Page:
Calculating FTE Hours

Full-time equivalent (FTE) is a way to measure a worker’s involvement in a project. An FTE of 1.0 means that the person is equivalent to a full-time worker. Although the accepted HR  term for the “E” in FTE is “equivalent”, in colloquial usage or in project management terminology it is referred as full-time employee! FTE hours, can be used to measure whether an employee or resource is full-time, or how many students at an educational institution are full-time.

To better understand this:

  • Start with 40 hours a week

Use 40 hours a week as your default for full-time employment when calculating FTE hours for a project. Some projects may measure full-time status differently, such as 35 or 37.5 hours a week instead of 40, so be sure to adjust according to your project’s requirements.

  •   Figure out the number of hours in a pay period

Figure out the number of hours in a pay period by multiplying the length of the pay period by 40 hours a week. For example, if your pay period is 2 weeks, your total number of hours in a pay period would be 80.

  • Divide hours worked by hours in a pay period

Divide the number of hours your employee worked in a pay period by the total number of hours in that pay period. The total equals your FTE hours. If an employee worked 40 hours out of 80 hours in a pay period, your total would be 0.5 FTE. It’s that simple!

Shyam Verma, PMP, ITIL
Program & portfolio Mgnt professional
LinkedIn:spverma. Twitter: Shammy11

Creating Excel WBS

So you are small team working on projects and don’t have MS Project or similar automated tools to plan your project WBS? Don’t despair your very own MS excel can do the trick for you. Here is how!

Decompose Your Project

Before you begin to create your Work Breakdown Structure (WBS) in Microsoft Excel, you should first decompose your project. Decomposing your project means identifying deliverables, and breaking each deliverable down into its component tasks. You will keep doing this until you get to the smallest work packages possible. You then should assign an ID to each work package based upon the relationships between the task items. These work packages will then make up the items of your WBS. For information on decomposing projects, you will want to check out my series on decomposition, especially How to Decompose your Projects.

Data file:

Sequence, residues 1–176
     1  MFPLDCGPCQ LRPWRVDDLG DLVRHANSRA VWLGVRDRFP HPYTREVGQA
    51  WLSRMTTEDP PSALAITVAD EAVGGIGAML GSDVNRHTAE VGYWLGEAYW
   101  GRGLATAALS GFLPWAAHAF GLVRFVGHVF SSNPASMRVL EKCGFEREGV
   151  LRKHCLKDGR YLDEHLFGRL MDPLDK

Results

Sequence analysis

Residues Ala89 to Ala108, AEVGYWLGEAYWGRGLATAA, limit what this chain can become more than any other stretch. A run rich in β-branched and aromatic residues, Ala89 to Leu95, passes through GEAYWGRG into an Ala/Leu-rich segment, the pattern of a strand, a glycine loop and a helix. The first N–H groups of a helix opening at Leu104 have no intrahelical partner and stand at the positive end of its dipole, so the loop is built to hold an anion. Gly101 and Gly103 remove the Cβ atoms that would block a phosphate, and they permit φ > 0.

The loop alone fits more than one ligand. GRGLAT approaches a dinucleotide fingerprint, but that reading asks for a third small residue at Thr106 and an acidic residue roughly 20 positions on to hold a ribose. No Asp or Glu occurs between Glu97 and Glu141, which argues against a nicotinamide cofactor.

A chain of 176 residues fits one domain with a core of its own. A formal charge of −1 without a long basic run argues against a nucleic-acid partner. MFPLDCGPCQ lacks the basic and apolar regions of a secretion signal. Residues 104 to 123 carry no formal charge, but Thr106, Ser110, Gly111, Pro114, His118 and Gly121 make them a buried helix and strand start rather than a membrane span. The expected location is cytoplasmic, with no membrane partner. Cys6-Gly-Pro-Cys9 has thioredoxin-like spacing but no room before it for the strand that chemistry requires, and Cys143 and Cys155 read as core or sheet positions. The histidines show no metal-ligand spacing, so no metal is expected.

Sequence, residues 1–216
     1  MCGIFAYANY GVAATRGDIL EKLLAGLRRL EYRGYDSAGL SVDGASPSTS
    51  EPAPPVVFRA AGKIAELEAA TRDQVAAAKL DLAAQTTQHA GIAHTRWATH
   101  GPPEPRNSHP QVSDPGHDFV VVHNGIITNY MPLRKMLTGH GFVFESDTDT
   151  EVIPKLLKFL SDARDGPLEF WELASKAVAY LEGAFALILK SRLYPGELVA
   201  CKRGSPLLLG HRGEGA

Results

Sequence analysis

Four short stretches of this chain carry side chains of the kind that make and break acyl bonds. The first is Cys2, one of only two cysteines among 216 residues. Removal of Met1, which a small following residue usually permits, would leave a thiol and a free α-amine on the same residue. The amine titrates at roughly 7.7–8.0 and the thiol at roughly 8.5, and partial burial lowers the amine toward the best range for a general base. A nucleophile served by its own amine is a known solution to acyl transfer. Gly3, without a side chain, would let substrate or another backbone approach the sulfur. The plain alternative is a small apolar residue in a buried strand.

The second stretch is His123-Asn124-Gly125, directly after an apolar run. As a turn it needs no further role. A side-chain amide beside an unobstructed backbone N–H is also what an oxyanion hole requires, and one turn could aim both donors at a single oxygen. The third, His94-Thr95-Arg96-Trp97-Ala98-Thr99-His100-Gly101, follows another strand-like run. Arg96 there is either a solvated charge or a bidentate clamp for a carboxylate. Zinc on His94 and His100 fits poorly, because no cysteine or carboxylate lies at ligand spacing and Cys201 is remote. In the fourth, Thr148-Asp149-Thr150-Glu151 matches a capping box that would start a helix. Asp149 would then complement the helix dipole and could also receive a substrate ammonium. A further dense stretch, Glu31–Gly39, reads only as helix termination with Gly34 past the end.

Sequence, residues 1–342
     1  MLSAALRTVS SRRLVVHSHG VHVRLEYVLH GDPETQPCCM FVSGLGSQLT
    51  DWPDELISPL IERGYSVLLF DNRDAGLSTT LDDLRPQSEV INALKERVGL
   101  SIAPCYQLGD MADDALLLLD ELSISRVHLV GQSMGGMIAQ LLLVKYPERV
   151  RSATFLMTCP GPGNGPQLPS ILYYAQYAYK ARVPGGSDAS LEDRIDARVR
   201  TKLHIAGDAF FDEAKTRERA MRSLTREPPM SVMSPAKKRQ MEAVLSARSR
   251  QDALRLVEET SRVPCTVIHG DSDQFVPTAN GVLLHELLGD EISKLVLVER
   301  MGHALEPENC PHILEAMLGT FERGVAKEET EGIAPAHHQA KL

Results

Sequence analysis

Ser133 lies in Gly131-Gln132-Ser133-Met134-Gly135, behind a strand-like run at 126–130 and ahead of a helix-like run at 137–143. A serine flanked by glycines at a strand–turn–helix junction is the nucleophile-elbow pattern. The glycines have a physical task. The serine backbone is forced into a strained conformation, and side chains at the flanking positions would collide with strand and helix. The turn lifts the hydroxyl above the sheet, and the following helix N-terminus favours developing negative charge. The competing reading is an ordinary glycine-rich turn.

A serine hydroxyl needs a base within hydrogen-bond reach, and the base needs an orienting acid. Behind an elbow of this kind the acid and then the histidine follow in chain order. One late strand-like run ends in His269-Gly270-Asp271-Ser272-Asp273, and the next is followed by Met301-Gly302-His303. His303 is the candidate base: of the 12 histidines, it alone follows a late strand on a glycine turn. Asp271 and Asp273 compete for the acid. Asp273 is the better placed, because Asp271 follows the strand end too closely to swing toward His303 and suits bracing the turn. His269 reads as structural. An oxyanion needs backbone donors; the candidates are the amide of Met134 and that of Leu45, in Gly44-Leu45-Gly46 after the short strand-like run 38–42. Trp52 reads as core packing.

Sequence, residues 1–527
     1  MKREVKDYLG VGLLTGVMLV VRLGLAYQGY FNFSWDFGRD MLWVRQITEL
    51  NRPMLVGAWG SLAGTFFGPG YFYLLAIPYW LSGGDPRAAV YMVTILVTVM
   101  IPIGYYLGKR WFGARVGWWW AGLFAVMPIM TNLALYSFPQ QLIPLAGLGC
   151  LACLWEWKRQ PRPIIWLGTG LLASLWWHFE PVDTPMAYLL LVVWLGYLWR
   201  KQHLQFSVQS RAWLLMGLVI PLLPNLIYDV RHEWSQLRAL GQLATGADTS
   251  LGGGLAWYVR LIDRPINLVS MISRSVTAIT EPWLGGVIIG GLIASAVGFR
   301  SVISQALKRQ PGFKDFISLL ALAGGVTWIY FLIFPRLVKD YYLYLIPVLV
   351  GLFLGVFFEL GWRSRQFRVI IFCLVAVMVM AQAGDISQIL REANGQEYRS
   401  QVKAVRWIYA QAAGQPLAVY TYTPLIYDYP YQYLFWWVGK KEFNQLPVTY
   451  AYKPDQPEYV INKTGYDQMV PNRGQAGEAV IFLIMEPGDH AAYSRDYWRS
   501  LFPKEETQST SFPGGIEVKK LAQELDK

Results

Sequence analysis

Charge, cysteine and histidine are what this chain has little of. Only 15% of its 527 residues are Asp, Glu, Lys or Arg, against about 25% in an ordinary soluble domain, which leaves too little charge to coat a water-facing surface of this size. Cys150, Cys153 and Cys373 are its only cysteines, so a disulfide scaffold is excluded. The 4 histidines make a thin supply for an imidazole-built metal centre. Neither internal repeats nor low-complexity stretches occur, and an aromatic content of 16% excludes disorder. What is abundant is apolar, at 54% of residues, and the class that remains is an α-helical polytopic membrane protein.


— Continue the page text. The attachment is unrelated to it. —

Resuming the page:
Setting up Excel

Once you have properly decomposed your project, you should set up Microsoft Excel to receive your data. Open a new worksheet. Across the top, create at least the following columns:

  • Task ID
  • Task Description
  • Predecessor
  • Owner
  • Role
  • % Complete
  • Start Date
  • Finish Date
  • Deliver To

After creating the columns, you will format the cells. The first cell to format is the Task ID cell. To do this, highlight the column you have designated for the task ID numbers by clicking on the letter at the top of the column. If you do not format the cells, when you type “1.0”, the computer will automatically reformat it to “1.” Right click on the selected column and choose “format cells” from the drop-down menu. Then, in the “Format Cells” menu, choose “Number” and set “Decimal Places” to “1.” The next cell you will need to format in the same way is the “predecessor” cell. This cell will track task dependencies, so you will need to be able to have accurate decimal points here. Set this cell up the same way you set the task ID cell up. Set the duration cell up to accept numbers and the start and finish date columns to accept dates entered.

Enter Your Data

Once you have your Excel Worksheet set up, you can enter your data. Enter in everything you have from your papers where you decomposed your project. Once you have entered your data into the Excel Worksheet, you will be ready to move on to the next step.

Using Conditional Formatting

Once all of your data has been entered into the Excel worksheet, you can play around with the conditional formatting feature. Say you wish to create a report of all the tasks due within a given time range. Highlight your start and finish date columns by click-and-dragging over the two letters representing those columns. Next, select “Conditional Formatting” from the Excel toolbar. Once you have done this, select “Highlight Cell Rules” and then “A Date occurring….” From the drop-down menu that appears, you will select “next week” and instantly all of your tasks due next week will be highlighted.

You can use conditional formatting to highlight tasks that have been assigned to a specific person, tasks that are on the lowest end of completion, and tasks associated with a specific milestone or deliverable. One more useful feature is “data bar.” This bar will graphically represent percent complete column. Access it in conditional formatting menu. Read more:http://www.

Shyam Verma, PMP, ITIL
Program & portfolio mgnt professional
LinkedIn:spverma. Twitter: Shammy11